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Oesophageal atresia with tracheo-oesophageal fistula


FREQUENCY: 1 in 3000 live births

PATIENT HISTORY: No clinical or autopsy data are available for this case.

SPECIMEN D4-c21-0564
It can be seen that the upper part of the oesophagus ends blindly about 2cm below the epiglottis. The blind ending is dilated. The lower part of the oesophagus begins again just below, and it communicates with the trachea just above the bifurcation.

It can be seen that the upper part of the oesophagus ends blindly about 2cm below the epiglottis.

oesophaeal atresia diagram

Oesophageal atresia is the absence of an oesophageal segment and is often associated with tracheo-oesophageal fistula . Tracheo-oesophageal fistula is an abnormal connection between the trachea and oesophagus. There are several variants of oesophageal atresia, with or without tracheo-oesophageal fistula. The specimen displayed here is by far the commonest type, that is where there is a fistula between the distal segment of oesophagus and the trachea. 
Polyhydramnios is commonly seen in pregnancies where the foetus has oesophageal atresia, and about 1/3 of these babies are born prematurely. The earliest signs of oesophageal atresia / tracheo-oesophageal fistula in a newborn are excessive drooling of saliva, and attempts at feeding cause choking, regurgitation, coughing and cyanosis. Aspiration of saliva or gastric contents will cause pneumonitis if the condition is not recognised early enough. Inability to pass a gastric tube beyond 10 - 12cm is a strong clue, especially if the tube can be seen curled up in an oesophageal pouch on x-ray. If there is no tracheo-oesophageal fistula the abdomen will be scaphoid and there will be no stomach bubble on x-ray; conversely a distended abdomen and air in the stomach indicates a fistula.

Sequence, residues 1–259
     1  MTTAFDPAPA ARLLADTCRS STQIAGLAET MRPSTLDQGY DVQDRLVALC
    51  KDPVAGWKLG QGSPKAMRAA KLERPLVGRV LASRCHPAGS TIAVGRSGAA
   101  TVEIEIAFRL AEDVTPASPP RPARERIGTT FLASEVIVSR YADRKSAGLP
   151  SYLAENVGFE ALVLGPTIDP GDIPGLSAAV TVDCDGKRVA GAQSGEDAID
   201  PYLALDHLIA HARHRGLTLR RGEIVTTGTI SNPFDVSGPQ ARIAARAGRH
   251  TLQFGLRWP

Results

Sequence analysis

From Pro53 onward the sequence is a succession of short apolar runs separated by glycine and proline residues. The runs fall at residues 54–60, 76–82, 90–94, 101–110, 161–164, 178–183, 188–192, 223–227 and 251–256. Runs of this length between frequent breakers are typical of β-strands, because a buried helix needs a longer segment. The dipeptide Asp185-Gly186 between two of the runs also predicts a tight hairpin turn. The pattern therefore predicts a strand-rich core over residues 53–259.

Many children with oesophageal atresia / tracheo-oesophageal fistula have other congenital anomalies; in particular it may be part of the VACTERL (vertebral-anal-cardiac-tracheo-esophageal-renal-limb) association.

Embryologically the oesophagus and trachea both develop from the foregut. A tracheo-oesophageal septum is formed which separates the ventral trachea from the dorsal oesophagus. A disruption of this normal partitioning might explain oesophageal atresia and tracheo-oesophageal fistula, but other mechanisms have also been put forward. There is also abnormal development of the related neural plexuses and surrounding tissues, which contribute to the structural and functional defects of the trachea and oesopahagus in these patients even following repair.

Healthy babies without other anomalies can have early surgery where the fistula is divided and the oesophagus anastamosed; survival is close to 100%. (The outcome in infants with multiple anomalies is much poorer.) In the longer term the child may have complications such as oesophageal dysmotility, dysphagia, reflux or stricture. 
There is a low risk of recurrence of isolated oesophageal atresia / tracheo-oesophageal fistula within a family, 1% where a sibling is affected and about 4% if a parent is affected.